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As a new member of photovoltaic family, antimony trisulfide (Sb2S3) has the satisfactory bandgap of 1.7eV, benefiting the fabrication of the top absorber layer of tandem solar cells. Due to a special quasi-one-dimensional structure, it shows advantages of less dangling bonds. Based on these advantages, the vacancy defects upon the surface causing the recombination of carriers could be reduced sharply, which helps to solve the photovoltaic problems in solar cells.

In previous studies, the relationships between conformation, and structure of deep-level defects on Sb2S3 films are unclear.

In a study published in Nature Communications, a research team led by Chen Tao from University of Science and Technology of China (USTC) of the Chinese Academy of Sciences discovered the unique properties of low-dimensional materials particularly Sb2S3 through building the bridge between the deep-level defects of Sb2S3 and anion/cation ratio.

The researchers prepared both Sb-rich and sulfur-rich Sb2S3 films by using the method of thermal evaporation deposition. Based on the excellent performance of the devices, the deep-level transient spectroscopy (DLTS) was applied to detect the characterizations of defects.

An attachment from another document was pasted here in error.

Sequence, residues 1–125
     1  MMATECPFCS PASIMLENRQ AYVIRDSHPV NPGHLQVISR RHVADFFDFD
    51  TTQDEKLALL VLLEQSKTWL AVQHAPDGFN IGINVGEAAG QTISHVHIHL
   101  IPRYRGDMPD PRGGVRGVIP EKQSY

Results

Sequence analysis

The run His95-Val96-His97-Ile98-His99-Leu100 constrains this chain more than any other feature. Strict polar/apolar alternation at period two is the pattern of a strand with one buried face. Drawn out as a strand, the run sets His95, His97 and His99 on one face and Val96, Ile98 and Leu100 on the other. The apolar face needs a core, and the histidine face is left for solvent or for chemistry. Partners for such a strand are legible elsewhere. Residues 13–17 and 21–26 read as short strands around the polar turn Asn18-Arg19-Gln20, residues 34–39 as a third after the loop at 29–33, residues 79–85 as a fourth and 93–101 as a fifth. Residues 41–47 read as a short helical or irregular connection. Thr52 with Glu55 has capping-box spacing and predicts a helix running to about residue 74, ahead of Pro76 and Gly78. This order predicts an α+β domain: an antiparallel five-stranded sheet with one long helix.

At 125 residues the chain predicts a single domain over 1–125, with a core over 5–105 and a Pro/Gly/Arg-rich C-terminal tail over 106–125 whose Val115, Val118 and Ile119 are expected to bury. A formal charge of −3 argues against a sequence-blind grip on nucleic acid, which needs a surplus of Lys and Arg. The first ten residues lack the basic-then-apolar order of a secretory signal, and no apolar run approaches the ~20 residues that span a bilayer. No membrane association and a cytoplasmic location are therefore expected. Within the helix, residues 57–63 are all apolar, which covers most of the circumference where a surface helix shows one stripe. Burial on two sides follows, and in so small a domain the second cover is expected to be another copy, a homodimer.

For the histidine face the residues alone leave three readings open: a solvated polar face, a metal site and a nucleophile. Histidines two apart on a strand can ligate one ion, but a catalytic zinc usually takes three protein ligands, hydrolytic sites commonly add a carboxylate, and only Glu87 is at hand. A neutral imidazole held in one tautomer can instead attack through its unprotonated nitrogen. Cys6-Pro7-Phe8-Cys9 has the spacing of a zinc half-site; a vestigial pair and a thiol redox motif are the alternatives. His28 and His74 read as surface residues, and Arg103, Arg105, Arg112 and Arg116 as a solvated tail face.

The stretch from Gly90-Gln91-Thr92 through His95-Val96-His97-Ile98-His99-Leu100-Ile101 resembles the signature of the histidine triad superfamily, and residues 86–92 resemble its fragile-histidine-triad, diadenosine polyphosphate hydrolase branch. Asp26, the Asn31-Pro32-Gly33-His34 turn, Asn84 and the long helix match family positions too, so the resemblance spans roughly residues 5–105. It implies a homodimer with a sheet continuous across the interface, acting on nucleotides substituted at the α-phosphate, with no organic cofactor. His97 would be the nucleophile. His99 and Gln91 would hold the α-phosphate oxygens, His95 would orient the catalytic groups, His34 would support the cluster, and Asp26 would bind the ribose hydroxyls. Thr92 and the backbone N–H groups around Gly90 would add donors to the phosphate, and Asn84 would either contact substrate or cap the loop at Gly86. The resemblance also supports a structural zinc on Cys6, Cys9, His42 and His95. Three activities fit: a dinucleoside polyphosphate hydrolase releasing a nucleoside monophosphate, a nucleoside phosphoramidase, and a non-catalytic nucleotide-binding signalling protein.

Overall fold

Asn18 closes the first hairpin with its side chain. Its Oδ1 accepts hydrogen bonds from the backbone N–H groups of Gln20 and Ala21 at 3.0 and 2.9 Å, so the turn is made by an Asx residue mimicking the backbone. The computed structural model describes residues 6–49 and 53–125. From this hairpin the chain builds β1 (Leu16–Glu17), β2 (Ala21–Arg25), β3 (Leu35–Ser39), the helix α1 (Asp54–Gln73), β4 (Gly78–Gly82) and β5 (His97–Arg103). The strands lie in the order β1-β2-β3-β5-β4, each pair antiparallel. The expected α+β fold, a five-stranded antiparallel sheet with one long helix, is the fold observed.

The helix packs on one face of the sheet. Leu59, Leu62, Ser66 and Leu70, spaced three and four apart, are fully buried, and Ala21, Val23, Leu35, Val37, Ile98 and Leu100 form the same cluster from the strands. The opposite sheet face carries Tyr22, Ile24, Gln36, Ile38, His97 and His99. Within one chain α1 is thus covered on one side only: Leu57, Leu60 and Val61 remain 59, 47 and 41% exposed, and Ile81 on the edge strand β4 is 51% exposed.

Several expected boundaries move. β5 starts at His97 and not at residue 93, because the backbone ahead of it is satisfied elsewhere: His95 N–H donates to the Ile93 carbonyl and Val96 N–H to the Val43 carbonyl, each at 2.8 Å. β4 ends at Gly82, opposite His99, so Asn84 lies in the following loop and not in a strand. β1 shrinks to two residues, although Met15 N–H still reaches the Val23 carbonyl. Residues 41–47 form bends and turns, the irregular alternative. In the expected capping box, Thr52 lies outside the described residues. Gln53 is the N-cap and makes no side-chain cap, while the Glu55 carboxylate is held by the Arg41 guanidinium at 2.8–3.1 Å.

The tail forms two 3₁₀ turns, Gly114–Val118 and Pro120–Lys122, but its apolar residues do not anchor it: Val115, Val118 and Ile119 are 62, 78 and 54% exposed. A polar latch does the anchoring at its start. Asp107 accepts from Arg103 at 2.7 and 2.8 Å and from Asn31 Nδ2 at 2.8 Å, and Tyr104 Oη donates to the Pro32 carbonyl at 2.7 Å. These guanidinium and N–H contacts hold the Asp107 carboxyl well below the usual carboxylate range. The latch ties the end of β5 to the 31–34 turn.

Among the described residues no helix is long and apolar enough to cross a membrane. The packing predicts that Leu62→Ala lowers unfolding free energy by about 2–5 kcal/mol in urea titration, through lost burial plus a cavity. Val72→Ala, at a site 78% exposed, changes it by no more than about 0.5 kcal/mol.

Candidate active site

The sulfur-rich Sb2S3 films showed an excellent performance compared with Sb-rich Sb2S3 films as the lower density of defect and less detrimental to carrier transport were achieved, which matches with the improvement in performance. Based on theoretical calculations, it seems that the defects are trend to appear in Sb-rich Sb2S3 .

Notably, the sulfur-rich Sb2S3 devices fabricated by thermal evaporation showed the highest record power conversion efficiency, which means that the material is capable of being more tolerant to vacancy defects, and indicates that the addictive introduce to the vacancy will not lower the lifetime of carriers.

This study provides a new solution to regulate the photovoltaic properties of Sb2S3.

More information: Weitao Lian et al, Revealing composition and structure dependent deep-level defect in antimony trisulfide photovoltaics, Nature Communications (2021). DOI: 10.1038/s41467-021-23592-0

Journal information: Nature Communications

Provided by University of Science and Technology of China